Assault Lawyers in Denver
Colorado laws are tough on people who harm or threaten to harm others. In most cases, not only will a physical altercation bring on criminal charges, but it may also result in a civil lawsuit as well. If you are facing assault or menacing charges, you’ll need an experienced criminal defense attorney to help you defend yourself from the legal actions that might follow.
Defining the Crime
“Menacing” someone means threatening to harm another person, while “assault” means to cause them bodily injury. For the act to become criminal, the prosecution must prove that the actor was the perpetrator and that the actor intended to threaten or harm either the victim directly or another person, but the victim got hurt instead.
Five Levels of Assault and Menacing
Colorado law defines five separate levels of “assault” and “menacing,” which escalate from the least severe to the most severe. CRS § 18-3-202, et seq. Each offense covers a slightly different action, and it is possible for a person to be charged with more than one form of assault. The least severe charge is that of “menacing,” where another person is put “in fear of” imminent serious bodily injury. The most severe charge is First Degree Assault, where the prosecution accuses the defendant of intending to cause serious physical injuries that permanently disfigure or disable another by use of a deadly weapon.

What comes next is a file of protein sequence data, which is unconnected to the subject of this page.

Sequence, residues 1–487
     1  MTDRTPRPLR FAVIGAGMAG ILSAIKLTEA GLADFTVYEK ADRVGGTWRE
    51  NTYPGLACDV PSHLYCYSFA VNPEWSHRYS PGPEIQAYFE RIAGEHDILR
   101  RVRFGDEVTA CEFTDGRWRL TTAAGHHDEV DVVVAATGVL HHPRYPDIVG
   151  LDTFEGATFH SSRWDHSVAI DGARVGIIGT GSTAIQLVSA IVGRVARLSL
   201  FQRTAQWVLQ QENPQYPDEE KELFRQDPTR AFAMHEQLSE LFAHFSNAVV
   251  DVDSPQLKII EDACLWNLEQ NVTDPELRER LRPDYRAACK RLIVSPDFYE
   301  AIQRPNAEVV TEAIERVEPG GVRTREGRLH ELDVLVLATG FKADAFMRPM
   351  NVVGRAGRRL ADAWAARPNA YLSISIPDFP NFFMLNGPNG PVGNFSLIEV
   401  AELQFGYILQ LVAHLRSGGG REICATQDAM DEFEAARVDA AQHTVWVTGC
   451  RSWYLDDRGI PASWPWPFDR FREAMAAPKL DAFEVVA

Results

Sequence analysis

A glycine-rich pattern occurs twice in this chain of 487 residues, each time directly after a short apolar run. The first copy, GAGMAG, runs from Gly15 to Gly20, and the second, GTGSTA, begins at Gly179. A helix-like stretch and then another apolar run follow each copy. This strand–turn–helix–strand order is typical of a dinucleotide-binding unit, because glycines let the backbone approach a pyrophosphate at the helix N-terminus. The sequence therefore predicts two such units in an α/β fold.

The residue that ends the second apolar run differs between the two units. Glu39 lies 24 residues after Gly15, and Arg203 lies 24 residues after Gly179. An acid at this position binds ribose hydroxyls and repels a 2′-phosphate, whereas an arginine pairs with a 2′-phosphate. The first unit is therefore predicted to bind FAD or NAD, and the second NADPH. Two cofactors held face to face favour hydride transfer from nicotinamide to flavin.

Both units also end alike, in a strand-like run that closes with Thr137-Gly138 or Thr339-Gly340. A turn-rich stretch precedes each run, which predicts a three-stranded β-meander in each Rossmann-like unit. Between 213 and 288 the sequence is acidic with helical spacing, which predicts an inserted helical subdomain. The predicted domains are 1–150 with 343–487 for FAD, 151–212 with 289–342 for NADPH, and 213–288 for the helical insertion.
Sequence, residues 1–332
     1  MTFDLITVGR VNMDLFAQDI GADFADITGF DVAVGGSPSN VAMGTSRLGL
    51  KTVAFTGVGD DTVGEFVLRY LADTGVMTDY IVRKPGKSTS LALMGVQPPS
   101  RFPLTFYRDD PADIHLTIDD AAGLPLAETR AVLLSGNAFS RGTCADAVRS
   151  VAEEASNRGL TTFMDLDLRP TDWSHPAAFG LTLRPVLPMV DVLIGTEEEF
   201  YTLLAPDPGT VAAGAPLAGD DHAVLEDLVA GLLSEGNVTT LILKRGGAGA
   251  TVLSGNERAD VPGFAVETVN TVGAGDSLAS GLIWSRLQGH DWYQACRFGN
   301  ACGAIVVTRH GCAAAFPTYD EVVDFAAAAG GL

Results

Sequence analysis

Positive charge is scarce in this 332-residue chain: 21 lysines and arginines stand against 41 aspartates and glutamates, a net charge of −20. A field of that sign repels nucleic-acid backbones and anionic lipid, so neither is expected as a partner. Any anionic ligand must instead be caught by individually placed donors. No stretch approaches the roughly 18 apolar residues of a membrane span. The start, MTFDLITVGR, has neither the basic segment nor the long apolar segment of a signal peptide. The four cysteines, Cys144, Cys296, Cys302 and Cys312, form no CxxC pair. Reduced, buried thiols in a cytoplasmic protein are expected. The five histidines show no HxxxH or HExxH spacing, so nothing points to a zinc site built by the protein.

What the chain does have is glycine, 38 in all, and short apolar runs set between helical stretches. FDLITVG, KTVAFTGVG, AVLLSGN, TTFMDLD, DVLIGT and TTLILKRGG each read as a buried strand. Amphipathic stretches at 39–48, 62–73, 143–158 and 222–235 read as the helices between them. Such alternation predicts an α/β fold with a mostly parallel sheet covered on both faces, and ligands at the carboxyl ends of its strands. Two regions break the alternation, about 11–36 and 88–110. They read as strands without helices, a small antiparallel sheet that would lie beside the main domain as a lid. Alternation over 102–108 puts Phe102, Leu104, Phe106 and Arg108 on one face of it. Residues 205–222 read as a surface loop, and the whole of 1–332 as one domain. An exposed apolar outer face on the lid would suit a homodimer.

The District Attorney’s office selects and prosecutes the charges, and each trial is wholly dependent on the events that underlie the case. As in all Colorado criminal cases, the prosecution must prove that the accused intended to take the action that caused the harm, and that proof must be “beyond a reasonable doubt.”
Defenses to Assault
The job of the criminal defense attorney is to evaluate the evidence to find those “reasonable doubts” that often occur in assault cases to reduce the charges or have the case dismissed altogether.
Assault cases arise from heated situations where there are often differing opinions about what really happened. The accused person may have been acting in self-defense, or the alleged victim may have actually been the aggressor. Sometimes, the accused aggressor may appear to have acted aggressively when, in reality, they were avoiding another, even worse situation. And, in many cases, there is insufficient evidence to prove that the defendant intended to take the act that caused the harm. Hire Pollart Miller today to help with you assault case.